Walton, the largest tech brand in Bangladesh started their journey in the mobile handset market in the late 2000s. Back then, the company didn’t have any production capability and used to import Chinese feature phones and rebrand them under their banner.
Over the years, the company set up plants, and R&D units and ventured into the smartphone market. Needless to say, Walton is one of the key brands operating in the budget segment of smartphones in Bangladesh.
Their latest offering, the Primo HM7 brings a lot of the budget and performance under its hood. Here’s our detailed take on the device.
Key Specifications of Walton Primo HM7
Design and Build Quality
The design of the Primo HM7 can be called generic at best. Walton didn’t try to reinvent the wheel or adopt a new design theme altogether. Rather the design is a mix of existing standards that are commonly seen in the budget segment.
The device is made of plastic all around with a glass front. There is no rating on the glass panel so durability isn’t guaranteed.
The back of the device features a textured design that feels great in the hand. But that doesn’t take away the device's cheap plastic feel. Ports and button selections are as usual. Users will get a Type-C port along with the headphone jack which is a refreshing change in the ultra-budget segment. There is a physical fingerprint scanner on the back which is another useful addition.
However, the loudspeaker has been removed from the bottom to the back. While this design choice is something new, it muffles the sound output when the phone is put on its back. The problem is even more apparent on the HM 7 as it features only a single loudspeaker.
Overall, the design and the build quality don’t move away from the budget segment. But considering the price of the device, the room for complaints is also very slim.
The Prime HM 7 features a 6.52-inch 720P IPS LCD panel. The display is relatively large considering some of the other competitors in the market but the 720P resolution choice almost seems to be universal.
Speaking of the quality of the display, it is nothing eye-catching. This is another generic 720P panel that gets relatively bright outdoors for easy visibility. The viewing angles are okay as there are no weird color shifts.
The tone of the display is on the warmer side. It tends to make the color pop which gives it a much-needed sharpness.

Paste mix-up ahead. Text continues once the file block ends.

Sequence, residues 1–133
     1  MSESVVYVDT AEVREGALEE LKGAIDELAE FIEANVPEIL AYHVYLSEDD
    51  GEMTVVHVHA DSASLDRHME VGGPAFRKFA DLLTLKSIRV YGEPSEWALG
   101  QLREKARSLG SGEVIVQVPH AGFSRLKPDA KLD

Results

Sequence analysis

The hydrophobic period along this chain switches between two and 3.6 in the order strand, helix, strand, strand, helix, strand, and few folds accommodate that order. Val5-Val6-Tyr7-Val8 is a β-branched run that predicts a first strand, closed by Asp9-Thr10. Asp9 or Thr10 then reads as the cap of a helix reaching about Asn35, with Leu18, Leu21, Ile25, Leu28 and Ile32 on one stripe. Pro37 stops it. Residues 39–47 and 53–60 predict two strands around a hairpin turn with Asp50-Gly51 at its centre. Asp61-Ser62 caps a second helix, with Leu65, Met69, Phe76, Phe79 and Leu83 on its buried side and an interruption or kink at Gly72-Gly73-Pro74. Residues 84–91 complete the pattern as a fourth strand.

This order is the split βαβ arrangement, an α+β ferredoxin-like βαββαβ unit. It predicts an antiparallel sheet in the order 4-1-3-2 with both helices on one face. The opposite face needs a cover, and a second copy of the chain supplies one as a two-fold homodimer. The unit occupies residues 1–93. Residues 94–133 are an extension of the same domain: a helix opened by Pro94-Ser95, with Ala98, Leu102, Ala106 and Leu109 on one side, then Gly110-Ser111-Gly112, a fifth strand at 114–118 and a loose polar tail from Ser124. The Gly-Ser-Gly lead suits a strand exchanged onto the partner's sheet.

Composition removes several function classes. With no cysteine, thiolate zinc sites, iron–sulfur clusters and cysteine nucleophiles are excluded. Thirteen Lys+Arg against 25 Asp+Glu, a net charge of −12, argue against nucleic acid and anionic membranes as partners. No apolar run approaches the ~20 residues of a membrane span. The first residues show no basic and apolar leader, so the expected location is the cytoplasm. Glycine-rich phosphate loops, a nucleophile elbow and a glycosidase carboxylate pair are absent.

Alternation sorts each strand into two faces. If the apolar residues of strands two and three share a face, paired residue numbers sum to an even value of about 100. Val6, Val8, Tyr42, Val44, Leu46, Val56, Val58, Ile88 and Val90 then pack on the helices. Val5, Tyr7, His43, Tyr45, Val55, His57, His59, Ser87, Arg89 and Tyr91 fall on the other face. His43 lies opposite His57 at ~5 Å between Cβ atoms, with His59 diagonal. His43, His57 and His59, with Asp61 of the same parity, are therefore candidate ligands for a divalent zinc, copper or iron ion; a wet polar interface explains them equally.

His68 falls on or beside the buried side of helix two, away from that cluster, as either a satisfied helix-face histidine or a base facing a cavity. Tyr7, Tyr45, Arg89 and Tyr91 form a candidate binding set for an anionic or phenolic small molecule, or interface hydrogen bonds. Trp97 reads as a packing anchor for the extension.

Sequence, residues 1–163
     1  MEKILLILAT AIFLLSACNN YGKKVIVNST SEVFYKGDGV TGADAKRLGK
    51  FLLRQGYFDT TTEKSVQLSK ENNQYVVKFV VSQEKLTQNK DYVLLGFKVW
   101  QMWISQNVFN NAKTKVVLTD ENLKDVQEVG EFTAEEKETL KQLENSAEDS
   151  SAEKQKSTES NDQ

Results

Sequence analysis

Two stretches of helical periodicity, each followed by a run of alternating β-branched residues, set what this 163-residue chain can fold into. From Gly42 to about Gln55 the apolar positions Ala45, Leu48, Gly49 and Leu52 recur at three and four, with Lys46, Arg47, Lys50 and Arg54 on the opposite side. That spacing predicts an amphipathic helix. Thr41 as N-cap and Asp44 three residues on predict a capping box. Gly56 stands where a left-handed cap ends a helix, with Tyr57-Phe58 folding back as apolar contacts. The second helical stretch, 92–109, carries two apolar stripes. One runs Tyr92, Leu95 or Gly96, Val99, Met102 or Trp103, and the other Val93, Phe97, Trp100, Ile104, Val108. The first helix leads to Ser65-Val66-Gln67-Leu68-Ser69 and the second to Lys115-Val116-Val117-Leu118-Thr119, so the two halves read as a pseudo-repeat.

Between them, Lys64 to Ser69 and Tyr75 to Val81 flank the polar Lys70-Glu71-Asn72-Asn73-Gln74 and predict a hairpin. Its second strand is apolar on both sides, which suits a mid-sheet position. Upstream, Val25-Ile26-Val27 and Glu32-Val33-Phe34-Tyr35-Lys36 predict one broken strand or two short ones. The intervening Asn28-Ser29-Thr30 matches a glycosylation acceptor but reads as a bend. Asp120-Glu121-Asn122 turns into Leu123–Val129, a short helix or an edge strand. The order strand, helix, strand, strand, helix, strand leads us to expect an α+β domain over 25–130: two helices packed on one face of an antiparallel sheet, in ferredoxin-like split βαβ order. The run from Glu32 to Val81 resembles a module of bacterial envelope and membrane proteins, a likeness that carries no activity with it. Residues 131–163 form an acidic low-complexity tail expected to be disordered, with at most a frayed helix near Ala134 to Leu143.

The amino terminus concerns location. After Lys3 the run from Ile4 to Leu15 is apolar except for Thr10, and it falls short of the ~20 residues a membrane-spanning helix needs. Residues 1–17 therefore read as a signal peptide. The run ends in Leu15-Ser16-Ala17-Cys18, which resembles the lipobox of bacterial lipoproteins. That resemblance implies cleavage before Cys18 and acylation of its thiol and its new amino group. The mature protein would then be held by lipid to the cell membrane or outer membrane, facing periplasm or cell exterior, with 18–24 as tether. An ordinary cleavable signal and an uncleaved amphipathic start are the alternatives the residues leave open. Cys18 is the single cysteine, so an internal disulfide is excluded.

But there is a problem as well. while scrolling, the display sometimes fails to recognize the touch. Now whether this is a hardware or software issue is something only Walton can tell. But more often than not users will have to press a bit harder to get a touch registered. And this might be a deal breaker for many.
There is a triple camera setup on the Primo HM 7. The main sensor is a 13 MP one with an additional 2 MP depth sensor and a 2 MP macro shooter.
The additional sensors won’t be of much use as they are mostly included to increase the sensor count. Most of the work is done by the main sensor and the performance here is average at best.
The camera can take decent shots in direct sunlight or well-lit conditions. The images are passable as they can capture the details of the subject but softens or underexposes the surrounding.
Moving to artificial lights or dark environments, the photo quality degrades further. So much so that there are color imbalances at places and the overall photo looks much softer with exposure issues.
The story is somewhat the same with portrait mode as the edge detection is sometimes a hit or miss. There is an 8 MP selfie shooter which also performs average at best. The videography is limited to 1080P at 30 fps without any kind of stabilization features.
The HM 7 is a budget-oriented device. So any kind of shortcoming is understandable as the device won't compete against the mid-range of flagship devices. But even then, the cameras underperform compared to similar devices in this price range.
Processor and Performance
The Primo HM 7 comes with a Unisoc Tiger T610 processor. While Unisoc SoCs aren’t all that common, the T610 is a surprisingly powerful choice given the budget constraint of the HM 7.
The processor is powered by an Octa-core 1.8 GHz processor based on a 12 Nm Finfet architecture.
Truth be told, this exact processor has been featured before in many higher-priced devices. So to see it on the HM 7 is a reassuring sign.
Speaking of performance, the processor can easily handle day-to-day tasks. Users shouldn’t have any problem browsing the net or social media with this phone. But the phone starts to falter with demanding tasks.
This device can be used for gaming too, moderate gaming that is. Titles like Asphalt 9 and PUBG will run on moderate settings but even then it heats the device pretty hard with a strong battery drain.
Overall, the processor gets the job done and might be the best selling point of the Primo HM7.
Battery and Charge Time
The Primo HM7 comes with a 4900 mAh battery onboard. While this is not much, it tends to fare pretty well against an entry-level processor. Users can expect to get around 8 to 10 hours of continued usage with this device.
Unfortunately, there is no fast charging on this device.
Price of Walton Primo HM7 in Bangladesh
Walton officially launched the Primo HM 7 in Bangladesh with a price tag of 10,500 BDT.
The Walton Primo HM7 is the latest addition to a line of budget devices from Walton. Considering the demographic of Bangladesh, the consumer of the budget segment is much higher compared to mid-range or even flagship devices. As a result, the HM 7 might attract a lot of new phone buyers.
However, the phone could’ve done better in the display and the camera department. While the phone shines in the processor and performance, it is ultimately something that remains under the hood and isn’t the contact point for the users.
Other than that, the Walton Primo HM7 can be a great budget phone for around 10000 BDT.